Spaghetti squash: pale yellow strands make a different kind of 'pasta'
Zucchini may be the most prolific squash in the garden, but spaghetti squash is really the most fun. If you haven't tried it, look for a yellow squash about l0 inches long that looks like a golden watermelon.
Inside there are thin, pale yellow strands that look like spaghetti. This squash has a mild flavor, like many other summer squashes, but it also has a pleasant, crunchy texture.
My favorite way to fix it is to add butter and grated cheese, but it can be cooked and served in many different ways.
Although recipe directions often say to cook the squash whole either in a large kettle of boiling water or by baking it, I find the simplest way is to halve or quarter it, remove the seeds, and steam, boil, or bake the pieces until soft.
Some cooks recommend cooking the whole squash by boiling about 45 minutes. Then cool and peel, slice horizontally, remove seeds, and fluff out the spaghetti strands.
You can serve the spaghetti squash with butter or with meat sauce as you would with any pasta. I have had it with creamed chicken and mushrooms, white clam sauce, in a shrimp salad, in biscuits, and baked in a pudding.
Here's a recipe for a simple sauce, but you may add your own variations. Spaghetti Squash Sauce 1 tablespoon vegetable oil 1 medium onion, chopped 1 clove garlic, minced 6 fresh tomatoes Basil, oregano, salt, pepper, to taste 1/2 pound cooked ground beef Grated Parmesan cheese, optional
Saute onion and garlic in oil until soft. Add tomatoes and simmer until mixture thickens slightly, then add seasonings. Add meat and simmer a few minutes.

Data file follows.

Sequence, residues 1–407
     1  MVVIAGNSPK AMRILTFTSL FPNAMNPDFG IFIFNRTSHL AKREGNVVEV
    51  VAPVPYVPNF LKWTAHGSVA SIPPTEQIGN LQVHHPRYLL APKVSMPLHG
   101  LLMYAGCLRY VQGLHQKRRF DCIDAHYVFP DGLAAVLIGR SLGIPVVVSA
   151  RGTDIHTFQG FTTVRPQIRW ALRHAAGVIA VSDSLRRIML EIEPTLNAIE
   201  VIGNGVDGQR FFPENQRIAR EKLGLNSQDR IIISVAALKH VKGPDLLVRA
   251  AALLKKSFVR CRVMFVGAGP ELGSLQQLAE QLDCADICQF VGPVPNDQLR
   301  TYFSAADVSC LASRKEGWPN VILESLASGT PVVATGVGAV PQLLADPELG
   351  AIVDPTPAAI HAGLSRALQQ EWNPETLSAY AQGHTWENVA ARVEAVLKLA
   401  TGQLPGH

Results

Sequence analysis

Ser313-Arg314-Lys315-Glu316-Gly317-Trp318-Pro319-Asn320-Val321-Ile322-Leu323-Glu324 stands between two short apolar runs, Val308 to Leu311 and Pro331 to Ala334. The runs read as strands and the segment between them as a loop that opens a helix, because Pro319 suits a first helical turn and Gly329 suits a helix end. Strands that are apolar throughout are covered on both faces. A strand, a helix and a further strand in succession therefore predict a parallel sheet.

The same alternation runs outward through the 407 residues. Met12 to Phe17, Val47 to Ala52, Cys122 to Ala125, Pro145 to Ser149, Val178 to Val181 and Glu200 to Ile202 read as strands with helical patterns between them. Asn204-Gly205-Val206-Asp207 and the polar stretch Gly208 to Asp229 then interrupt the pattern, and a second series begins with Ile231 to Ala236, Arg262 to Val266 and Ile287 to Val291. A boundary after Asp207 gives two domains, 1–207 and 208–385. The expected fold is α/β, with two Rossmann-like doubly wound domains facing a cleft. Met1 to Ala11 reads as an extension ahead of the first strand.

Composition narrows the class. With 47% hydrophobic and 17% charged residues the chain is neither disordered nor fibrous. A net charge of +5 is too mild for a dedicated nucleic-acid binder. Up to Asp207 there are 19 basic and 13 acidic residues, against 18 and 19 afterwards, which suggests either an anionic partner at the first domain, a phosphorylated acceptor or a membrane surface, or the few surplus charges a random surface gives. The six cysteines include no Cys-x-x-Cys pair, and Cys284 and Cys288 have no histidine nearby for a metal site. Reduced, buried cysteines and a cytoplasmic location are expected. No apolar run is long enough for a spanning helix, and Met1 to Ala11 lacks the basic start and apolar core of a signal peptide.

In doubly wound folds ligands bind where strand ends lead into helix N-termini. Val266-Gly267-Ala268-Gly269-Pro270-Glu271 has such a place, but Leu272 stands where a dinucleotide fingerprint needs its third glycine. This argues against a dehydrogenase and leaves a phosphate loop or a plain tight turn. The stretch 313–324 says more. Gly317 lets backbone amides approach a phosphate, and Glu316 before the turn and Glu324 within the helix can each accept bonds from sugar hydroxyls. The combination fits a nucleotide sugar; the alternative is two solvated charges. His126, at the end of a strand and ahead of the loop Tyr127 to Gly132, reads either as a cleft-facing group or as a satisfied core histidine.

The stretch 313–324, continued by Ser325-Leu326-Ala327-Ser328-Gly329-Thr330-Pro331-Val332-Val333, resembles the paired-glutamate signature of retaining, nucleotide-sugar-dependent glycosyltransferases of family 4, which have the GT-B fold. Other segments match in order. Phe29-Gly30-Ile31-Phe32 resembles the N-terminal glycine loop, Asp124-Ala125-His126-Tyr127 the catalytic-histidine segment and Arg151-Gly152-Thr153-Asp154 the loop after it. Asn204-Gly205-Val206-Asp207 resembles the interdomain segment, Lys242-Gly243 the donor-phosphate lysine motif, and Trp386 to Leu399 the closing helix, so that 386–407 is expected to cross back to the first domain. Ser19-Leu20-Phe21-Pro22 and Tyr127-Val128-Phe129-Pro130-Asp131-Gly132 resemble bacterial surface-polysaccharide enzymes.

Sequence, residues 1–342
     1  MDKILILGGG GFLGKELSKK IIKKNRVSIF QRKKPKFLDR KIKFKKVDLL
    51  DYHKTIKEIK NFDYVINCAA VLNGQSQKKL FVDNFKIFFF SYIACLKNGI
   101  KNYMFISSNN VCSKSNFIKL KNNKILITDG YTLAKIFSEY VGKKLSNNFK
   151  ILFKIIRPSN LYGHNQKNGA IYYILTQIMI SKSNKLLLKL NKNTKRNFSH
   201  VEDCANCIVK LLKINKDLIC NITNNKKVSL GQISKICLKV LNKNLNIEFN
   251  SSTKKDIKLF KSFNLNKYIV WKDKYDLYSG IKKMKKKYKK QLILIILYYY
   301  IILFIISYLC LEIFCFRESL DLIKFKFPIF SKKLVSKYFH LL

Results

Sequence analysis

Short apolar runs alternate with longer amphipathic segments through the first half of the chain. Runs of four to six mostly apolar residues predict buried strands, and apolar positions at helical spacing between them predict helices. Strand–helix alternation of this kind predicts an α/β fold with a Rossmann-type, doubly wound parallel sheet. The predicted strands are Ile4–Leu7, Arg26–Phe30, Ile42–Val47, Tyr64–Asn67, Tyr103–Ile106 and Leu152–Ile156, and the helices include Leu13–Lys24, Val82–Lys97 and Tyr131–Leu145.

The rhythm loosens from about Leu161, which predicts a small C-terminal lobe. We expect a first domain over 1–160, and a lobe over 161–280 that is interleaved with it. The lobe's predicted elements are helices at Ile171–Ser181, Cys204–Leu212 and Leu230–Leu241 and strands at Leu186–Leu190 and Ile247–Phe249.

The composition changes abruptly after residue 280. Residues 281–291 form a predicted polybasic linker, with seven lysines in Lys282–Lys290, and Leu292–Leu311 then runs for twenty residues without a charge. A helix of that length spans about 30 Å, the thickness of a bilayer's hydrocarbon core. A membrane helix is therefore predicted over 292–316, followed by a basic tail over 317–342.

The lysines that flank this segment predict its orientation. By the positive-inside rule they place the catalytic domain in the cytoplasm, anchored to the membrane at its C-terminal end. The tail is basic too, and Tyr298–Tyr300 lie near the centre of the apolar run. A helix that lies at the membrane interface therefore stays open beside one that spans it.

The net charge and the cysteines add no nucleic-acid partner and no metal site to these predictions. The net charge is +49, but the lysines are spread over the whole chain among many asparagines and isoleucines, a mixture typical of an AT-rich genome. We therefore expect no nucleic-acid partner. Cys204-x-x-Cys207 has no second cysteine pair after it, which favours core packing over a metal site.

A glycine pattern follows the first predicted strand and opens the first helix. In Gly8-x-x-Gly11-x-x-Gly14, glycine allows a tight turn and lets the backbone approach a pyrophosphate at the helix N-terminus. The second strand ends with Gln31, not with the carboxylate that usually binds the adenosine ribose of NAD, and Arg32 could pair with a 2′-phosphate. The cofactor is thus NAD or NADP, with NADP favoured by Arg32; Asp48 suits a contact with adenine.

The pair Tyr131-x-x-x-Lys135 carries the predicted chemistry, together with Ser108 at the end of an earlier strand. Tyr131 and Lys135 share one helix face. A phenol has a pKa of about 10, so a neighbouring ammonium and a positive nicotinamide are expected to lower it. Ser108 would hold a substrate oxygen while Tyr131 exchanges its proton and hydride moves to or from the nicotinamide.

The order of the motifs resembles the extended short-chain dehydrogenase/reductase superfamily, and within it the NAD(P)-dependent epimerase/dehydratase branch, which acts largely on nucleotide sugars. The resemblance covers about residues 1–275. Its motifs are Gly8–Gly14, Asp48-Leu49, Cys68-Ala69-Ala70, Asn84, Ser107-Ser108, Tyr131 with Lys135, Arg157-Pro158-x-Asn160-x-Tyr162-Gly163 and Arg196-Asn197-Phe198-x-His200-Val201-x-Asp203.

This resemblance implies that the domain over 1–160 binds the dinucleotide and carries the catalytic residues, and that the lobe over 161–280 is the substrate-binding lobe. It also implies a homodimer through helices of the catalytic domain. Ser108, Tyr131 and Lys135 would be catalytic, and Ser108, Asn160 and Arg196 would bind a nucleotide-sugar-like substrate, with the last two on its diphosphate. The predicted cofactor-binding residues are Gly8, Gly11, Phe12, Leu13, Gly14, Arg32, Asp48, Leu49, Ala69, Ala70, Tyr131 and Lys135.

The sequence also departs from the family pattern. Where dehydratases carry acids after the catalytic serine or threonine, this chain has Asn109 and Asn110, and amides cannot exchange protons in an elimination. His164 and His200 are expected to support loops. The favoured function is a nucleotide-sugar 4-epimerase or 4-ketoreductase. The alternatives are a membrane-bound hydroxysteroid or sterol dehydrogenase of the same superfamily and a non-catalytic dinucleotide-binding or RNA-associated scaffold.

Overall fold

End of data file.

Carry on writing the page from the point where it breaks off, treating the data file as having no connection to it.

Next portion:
Serve over spaghetti squash and top with grated cheese if desired. Spaghetti Squash Casserole 1 large spaghetti squash 2 small onions, finely chopped 1 can condensed cream of chicken soup 1 cup sour cream 1 small jar pimentos, chopped 1 cup shredded carrot 1 8-ounce package herb-seasoned stuffing mix 1/4 cup butter or margarine, melted
Boil squash whole in water to cover 30 to 45 minutes, until fork tender.
Cut in half lengthwise when cool and scoop out seeds with a spoon. Scoop out flesh close to the skin and with a fork fluff out the spaghetti-like strands. Cool and drain in a colander.
Combine onion, soup, and sour cream. Add carrot and pimento. Fold in squash. Combine stuffing mix and butter.
Spread half of stuffing mix in a l2-by-6- by-2-inch baking dish. Spoon vegetable mixture on top. Cover with remaining mix. Bake at 350 degrees F. for 25 to 30 minutes or until completely heated.
This can be made in advance and refrigerated until ready to bake, or it can be frozen. If frozen, thaw before baking. Serves 6.